…the Democratic Party has morphed into an organization that is increasingly dependent on the pleasure and approval of anti-American groups. The supporters of illegal immigration, some of whom advocate returning the Southwest to Mexico; angry black liberation movement activists, who regard the United States as a racist nation and culture; radical internationalists, who believe the United States should not only behave like “other first world nations,” but allow itself to be governed by them; progressives whose view of the United States, nourished by indoctrination in the public schools and colleges dominated by far left faculties, is relentlessly negative; growing numbers of socialists, anti-capitalists, anti-law enforcement activists and fans of soft totalitarianism—-these are increasingly the voting blocs that the professional politicians who  run the Democratic Party feel they must pander to and satisfy. Continue reading

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For The Donald Trump Files: Now THIS Is Signature Significance!

trumpence 60 minutes

I confess that I started to watch the Leslie Stahl “60 Minutes” interview with Donald Trump and his newly-named running mate Mike Pence, but I abandoned ship almost immediately. It was too horrible. Watching Trump (I have a similar reaction to watching Hillary) just makes me depressed, furious, and confused. As John Adams sings at the musical climax of 1776, does  anybody see what I see?

Well, I know millions do, but not nearly enough, soon enough. This Republican National Convention is a part of a national tragedy. The only question is how great the tragedy will be.

Now that I have read the transcript, I realize that I bailed shortly before the smokiest smoking gun of the many in the whole interview. This exchange, more than any other in the segment, compels the question to any Trump supporter: How can you possibly want to hire a guy like this to be your leader?  Perhaps it is more appropriate  to pose a different question, to pose it to the staggering party gathering in Cleveland to nominate this fool: How could you allow this to happen?

I wouldn’t hire someone who speaks and reasons like this to work for me in any capacity, however lowly, requiring trust, judgment or intelligence. It is signature significance as a whole, and in its parts. An intelligent, trustworthy, ethical person could never give such an interview, not in private, not in public, certainly not on national TV.

Here is the jaw-dropping exchange; I’ll mark the important sections A-K for exposition: Continue reading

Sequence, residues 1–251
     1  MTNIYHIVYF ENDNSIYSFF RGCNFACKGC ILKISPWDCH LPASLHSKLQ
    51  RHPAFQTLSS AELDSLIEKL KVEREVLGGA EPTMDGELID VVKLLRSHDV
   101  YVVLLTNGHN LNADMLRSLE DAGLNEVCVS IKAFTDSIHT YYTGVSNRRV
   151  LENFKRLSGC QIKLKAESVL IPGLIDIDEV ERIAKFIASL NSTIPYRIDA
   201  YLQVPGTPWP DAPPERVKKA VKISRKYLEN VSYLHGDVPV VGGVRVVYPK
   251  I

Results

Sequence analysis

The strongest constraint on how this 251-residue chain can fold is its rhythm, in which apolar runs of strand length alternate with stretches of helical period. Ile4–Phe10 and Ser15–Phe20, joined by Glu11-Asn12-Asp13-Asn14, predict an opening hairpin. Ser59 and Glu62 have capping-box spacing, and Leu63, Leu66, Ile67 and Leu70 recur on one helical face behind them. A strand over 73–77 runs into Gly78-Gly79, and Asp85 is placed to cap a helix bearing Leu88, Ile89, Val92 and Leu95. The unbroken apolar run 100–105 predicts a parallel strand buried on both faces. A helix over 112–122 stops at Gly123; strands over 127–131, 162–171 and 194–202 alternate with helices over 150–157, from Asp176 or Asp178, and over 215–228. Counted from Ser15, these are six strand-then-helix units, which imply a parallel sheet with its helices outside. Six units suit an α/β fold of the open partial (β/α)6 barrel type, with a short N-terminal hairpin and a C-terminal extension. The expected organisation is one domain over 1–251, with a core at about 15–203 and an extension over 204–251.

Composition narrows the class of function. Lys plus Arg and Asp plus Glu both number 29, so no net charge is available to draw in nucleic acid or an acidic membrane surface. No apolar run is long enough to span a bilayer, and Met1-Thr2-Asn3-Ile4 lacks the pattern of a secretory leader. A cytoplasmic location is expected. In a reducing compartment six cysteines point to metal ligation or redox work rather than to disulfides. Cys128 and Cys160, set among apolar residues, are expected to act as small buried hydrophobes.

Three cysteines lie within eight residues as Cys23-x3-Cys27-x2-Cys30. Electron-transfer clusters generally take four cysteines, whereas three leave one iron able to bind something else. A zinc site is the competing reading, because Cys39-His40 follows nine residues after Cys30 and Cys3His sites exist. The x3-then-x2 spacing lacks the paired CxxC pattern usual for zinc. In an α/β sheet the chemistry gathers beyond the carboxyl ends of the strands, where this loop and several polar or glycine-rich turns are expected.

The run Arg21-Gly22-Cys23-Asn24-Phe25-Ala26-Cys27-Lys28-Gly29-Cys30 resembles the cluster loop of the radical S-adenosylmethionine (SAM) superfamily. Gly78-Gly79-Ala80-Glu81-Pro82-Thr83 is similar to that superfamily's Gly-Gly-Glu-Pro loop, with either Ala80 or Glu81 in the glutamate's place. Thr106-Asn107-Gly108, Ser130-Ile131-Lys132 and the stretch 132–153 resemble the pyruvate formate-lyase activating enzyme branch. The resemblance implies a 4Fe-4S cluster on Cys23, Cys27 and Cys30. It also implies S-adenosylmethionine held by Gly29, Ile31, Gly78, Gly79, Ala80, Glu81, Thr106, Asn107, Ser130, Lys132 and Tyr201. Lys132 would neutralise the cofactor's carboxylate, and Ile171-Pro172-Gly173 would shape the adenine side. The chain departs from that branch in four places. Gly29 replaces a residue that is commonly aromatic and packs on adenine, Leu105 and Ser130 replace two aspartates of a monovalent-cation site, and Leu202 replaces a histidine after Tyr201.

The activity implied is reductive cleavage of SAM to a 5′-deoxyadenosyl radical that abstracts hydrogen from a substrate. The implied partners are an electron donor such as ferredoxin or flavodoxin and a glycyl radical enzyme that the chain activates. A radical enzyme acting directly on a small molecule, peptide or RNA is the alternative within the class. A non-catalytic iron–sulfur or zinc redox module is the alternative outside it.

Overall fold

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Baseball Ethics: Revealed At Last! Extraordinary Cheating By The 1975 California Angels

Dick Williams, cheat...but a successful and creative cheat, you have to admit.

Dick Williams, cheat…but a successful and creative cheat, you have to admit.

Yesterday on the New England Sports Network broadcast of the Red Sox-Yankees game, Sox color man Jerry Remy was discussing how some teams doctor their home fields for tactical advantages. The Yankee Stadium infield grass, for example, is kept long, slowing down ground balls so the infielders have a better chance of getting to them before they scoot into the outfield for hits. The current Yankees team hitting, such as it is, tends to be fly ball oriented. Jerry expounded on how teams that bunted a lot would sometimes have groundskeepers slant the dirt around the foul lines toward fair territory. “In 1975, when I played for the Angels,” he said, “our home baselines were like gutters. A bunted ball almost couldn’t roll foul.” Such customization is considered fair gamesmanship, because the rules don’t specify ground conditions in sufficient detail.

Then Remy revealed an example of  baseball cheating in the extreme. Also n 1975, Remy said, during his rookie year with the California Angels, manager Dick Williams realized that speed on the bases was one of his few assets on a weak roster. (The ’75 Angels would finish  last in the AL West with a 72-89 record) Remy, Tommy Harper, Mickey Rivers and Dave Collins were all accomplished base-stealers, so Williams had groundskeepers move second base six inches closer to first base, thus shortening the distance a base-runner attempting to steal second would have to cover.